"Mammographic screening should be individualized based on a woman's age, breast density, history of breast biopsy, family history of breast cancer, and knowledge regarding the benefits and harms of screening." 

[5] https://www.researchgate.net/publication/273154592_The_Contributions_of_Breast_Density_and_Common_Genetic_Variation_to_Breast_Cancer_Risk

The Contributions of Breast Density and Common Genetic Variation to Breast Cancer Risk
Article (PDF Available) in JNCI Journal of the National Cancer Institute 107(5) · May 2015 with 77 Reads
DOI: 10.1093/jnci/dju397 · Source: PubMed
Celine M Vachon

[6] McCormack VA, dos Santos Silva I. Breast density and parenchymal patterns as markers of breast cancer risk: a meta-analysis. Cancer Epidemiol Biomarkers Prev. 2006;15(6):1159–1169
https://www.ncbi.nlm.nih.gov/pubmed/16775176

[7] KERlikowske K, Cook AJ, Buist DS, et al. Breast cancer risk by breast density, menopause, and postmenopausal hormone therapy use. J Clin Oncol. 2010;28(24):3830–3837.
https://www.ncbi.nlm.nih.gov/pubmed/20644098

[8] https://link.springer.com/article/10.1007/s10549-011-1853-z

Breast Cancer Research and Treatment
May 2012, Volume 133, Issue 1, pp 1–10| Cite as

Risk prediction models of breast cancer: a systematic review of model performances Thunyarat Anothaisintawee, Yot Teerawattananon, Chollathip Wiratkapun

"Most (risk prediction) models have produced relatively low discrimination in internal and external validations. This low discriminative accuracy of existing models may be due to a lack of knowledge of risk factors, heterogeneous subtypes of breast cancer, and different distributions of risk factors among populations." 

[9] McCarthy AM, WE Barlow, Conant EF, et al; Consortium PROSPR. Cancer du sein de mauvais pronostic diagnostiqué après mammographie de dépistage avec résultats négatifs.  JAMA Oncol . 2018; 4 (7): 998-1001. doi: 10.1001 / jamaoncol.2018.0352 

ArticlePubMedGoogle ScholarCrossref

"Breast density has received much attention as a primary factor identifying the need for additional screening, but it may be more effective to consider both breast density and age to identify women at risk for poor prognosis breast cancer."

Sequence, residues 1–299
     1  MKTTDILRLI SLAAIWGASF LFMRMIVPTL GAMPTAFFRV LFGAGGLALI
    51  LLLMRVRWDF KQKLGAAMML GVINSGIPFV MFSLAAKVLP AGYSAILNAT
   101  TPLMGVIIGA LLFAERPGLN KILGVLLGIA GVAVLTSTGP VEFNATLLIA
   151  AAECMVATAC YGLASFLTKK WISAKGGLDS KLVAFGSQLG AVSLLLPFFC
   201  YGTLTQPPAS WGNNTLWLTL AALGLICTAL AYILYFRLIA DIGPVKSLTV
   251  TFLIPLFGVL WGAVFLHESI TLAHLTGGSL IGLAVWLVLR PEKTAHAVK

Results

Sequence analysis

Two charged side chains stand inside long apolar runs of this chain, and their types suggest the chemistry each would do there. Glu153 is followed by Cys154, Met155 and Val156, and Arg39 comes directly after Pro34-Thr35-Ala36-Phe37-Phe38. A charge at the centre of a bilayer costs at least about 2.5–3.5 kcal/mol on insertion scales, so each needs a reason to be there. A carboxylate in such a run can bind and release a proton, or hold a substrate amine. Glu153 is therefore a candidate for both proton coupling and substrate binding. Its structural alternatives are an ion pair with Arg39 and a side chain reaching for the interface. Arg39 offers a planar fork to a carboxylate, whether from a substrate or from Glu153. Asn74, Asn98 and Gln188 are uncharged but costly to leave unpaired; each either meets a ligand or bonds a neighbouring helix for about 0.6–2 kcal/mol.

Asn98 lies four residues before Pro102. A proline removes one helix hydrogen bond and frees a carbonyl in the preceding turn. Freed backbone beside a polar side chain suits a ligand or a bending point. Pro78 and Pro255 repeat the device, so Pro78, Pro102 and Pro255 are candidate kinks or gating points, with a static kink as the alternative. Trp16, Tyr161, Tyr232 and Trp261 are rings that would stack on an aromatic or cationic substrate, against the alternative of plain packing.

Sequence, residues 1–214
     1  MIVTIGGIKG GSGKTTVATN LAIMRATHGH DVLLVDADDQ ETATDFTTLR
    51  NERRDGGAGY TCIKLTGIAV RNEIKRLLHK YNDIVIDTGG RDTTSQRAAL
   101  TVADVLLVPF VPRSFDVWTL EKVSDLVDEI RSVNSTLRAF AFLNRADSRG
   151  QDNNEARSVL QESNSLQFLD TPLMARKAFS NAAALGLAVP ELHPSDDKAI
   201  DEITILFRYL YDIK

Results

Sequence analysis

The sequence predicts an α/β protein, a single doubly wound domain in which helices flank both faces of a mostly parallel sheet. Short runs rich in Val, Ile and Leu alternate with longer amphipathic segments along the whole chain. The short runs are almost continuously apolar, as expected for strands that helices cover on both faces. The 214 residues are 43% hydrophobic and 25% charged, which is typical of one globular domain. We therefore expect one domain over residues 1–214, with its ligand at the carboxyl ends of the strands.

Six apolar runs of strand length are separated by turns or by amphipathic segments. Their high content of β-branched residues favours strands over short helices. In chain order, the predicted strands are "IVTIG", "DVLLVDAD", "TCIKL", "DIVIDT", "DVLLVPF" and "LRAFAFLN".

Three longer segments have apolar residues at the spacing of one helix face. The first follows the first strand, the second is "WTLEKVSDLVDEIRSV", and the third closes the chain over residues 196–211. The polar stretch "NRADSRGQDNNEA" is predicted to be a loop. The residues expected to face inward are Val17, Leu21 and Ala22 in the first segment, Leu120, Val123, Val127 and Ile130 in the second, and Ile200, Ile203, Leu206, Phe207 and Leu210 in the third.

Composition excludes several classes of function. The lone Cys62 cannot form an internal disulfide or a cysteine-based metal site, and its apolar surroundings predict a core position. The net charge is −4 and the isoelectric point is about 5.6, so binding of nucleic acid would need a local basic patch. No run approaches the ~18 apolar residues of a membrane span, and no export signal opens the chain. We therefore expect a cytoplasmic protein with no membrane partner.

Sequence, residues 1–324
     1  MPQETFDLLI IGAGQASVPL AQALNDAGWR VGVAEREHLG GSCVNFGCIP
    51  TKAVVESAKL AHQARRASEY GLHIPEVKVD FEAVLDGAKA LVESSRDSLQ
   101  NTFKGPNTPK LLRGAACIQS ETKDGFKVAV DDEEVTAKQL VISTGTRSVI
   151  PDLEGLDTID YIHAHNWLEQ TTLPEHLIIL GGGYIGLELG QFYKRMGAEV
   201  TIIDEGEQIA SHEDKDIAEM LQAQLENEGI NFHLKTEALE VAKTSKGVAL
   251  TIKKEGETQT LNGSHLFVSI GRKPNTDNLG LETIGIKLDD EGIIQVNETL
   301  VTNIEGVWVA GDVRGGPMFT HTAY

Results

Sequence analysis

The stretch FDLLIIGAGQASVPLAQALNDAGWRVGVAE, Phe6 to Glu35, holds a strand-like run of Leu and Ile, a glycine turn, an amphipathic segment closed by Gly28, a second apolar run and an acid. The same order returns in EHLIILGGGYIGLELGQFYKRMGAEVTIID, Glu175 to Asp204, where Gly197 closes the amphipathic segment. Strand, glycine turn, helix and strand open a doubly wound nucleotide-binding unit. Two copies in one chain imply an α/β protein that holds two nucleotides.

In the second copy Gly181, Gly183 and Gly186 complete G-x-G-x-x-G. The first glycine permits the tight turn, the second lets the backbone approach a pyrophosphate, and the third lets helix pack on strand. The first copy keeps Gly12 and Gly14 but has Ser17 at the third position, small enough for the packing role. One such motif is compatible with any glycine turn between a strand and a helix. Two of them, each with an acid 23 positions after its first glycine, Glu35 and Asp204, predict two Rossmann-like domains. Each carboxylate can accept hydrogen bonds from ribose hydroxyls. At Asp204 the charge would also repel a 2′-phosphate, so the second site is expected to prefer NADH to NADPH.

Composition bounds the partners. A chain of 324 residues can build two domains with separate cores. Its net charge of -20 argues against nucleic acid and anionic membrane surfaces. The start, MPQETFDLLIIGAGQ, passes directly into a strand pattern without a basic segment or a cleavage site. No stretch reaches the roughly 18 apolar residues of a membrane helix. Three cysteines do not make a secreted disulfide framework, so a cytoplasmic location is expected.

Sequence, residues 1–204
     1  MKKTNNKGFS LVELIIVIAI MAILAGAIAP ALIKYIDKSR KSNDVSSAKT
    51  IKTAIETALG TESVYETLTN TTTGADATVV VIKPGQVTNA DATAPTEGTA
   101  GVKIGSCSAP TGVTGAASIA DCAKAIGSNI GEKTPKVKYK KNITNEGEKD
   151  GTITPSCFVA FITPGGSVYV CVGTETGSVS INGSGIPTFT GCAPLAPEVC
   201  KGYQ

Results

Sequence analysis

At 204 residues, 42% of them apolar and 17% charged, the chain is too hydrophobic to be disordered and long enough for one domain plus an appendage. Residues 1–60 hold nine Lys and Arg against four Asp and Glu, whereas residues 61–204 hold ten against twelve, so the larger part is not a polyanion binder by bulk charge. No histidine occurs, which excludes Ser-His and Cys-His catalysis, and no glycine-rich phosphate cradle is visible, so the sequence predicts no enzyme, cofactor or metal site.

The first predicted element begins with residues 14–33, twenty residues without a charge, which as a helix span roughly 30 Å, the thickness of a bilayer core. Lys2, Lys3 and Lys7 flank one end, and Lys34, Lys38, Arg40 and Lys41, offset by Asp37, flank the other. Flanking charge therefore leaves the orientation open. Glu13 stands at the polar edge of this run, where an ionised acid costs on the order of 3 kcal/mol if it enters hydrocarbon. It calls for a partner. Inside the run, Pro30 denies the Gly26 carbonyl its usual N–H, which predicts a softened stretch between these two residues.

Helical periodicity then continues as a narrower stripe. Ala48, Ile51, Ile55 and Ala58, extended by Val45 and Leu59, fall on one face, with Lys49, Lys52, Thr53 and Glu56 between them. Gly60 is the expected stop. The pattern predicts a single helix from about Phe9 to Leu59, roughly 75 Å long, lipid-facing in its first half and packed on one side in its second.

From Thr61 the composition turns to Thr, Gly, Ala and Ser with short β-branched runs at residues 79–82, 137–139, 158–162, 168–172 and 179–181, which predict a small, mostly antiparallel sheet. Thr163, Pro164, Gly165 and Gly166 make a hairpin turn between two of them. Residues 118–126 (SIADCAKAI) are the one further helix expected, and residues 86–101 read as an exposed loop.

[10] Gierach GL, Ichikawa L, Kerlikowske K, et al. Relation entre la densité mammographique et la mortalité par cancer du sein dans le Consortium de surveillance du cancer du sein.  J Natl Cancer Inst . 2012; 104 (16): 1218-1227. doi: 10.1093 / jnci / djs327

"High mammographic breast density was not associated with risk of death from breast cancer or any cause after controlling for other patient and tumor characteristics. Thus, risk factors for breast cancer development may not necessarily be the same as factors influencing risk of death after breast cancer development."

[11] https://www.has-sante.fr/portail/upload/docs/application/pdf/2014-05/depistage_du_cancer_du_sein_chez_les_femmes_a_haut_risque_volet_1_vf.pdf

Page 53

[12] https://jamanetwork.com/journals/jama/fullarticle/2733521

May 9, 2019

New federal requirements to educate patients about breast density will help patients?

Nancy L. Keating, MD, MPH 1,2; Lydia E. Pace, MD, MPH 2,3

Dr. Nancy L. Keating is Professor, Health Care Policy, Harvard Medical School, Associate Physician, Medicine, Brigham And Women's Hospital

[13] Hoeven J. An Appropriations Bill Relating to Agriculture, Rural Development, Food and Drug Administration Appropriations, 2019, S 115-259, 115th Congress, 2nd Session (2018). https://www.congress.gov/congressional-report/115th-congress/senate-report/259/1?q=%7B%22search%22%3A%5B%22farm%22%5D%7D

[14] The Food and Drug Administration is the U.S. Food and Drug Administration.

[15] Melnikow J, JJ Fenton, Whitlock EP, et al. Supplemental breast cancer screening for women with dense breasts: a systematic review for the US Preventive Services Task Force. 

Ann Intern Med . 2016; 164 (4): 268-278. doi: 10.7326 / M15-1789PubMed 

(USPSTF, United States Preventive Services Task Force is an independent U.S. preventive services task force of primary care and prevention experts that systematically reviews evidence of effectiveness and develops recommendations for clinical preventive services).

16] Positive predictive value, which is the likelihood that the subject actually has cancer when he or she has a positive test.

[17] Office of Policy, Planning, Legislation and Analysis, Office of the Commissioner, Food and Drug Administration. Mammography Quality Standards Act; Amendments to Part 900 Regulations: File No. FDA-2013-N-0134.

Mammography Quality Standards Act; Amendments to Part 900 Regulations (Proposed Rule) Regulatory Impact Analysis

https://www.fda.gov/about-fda/economic-impact-analyses-fda-regulations/mammography-quality-standards-act-amendments-part-900-regulations-proposed-rule-rule-regulatory-impact-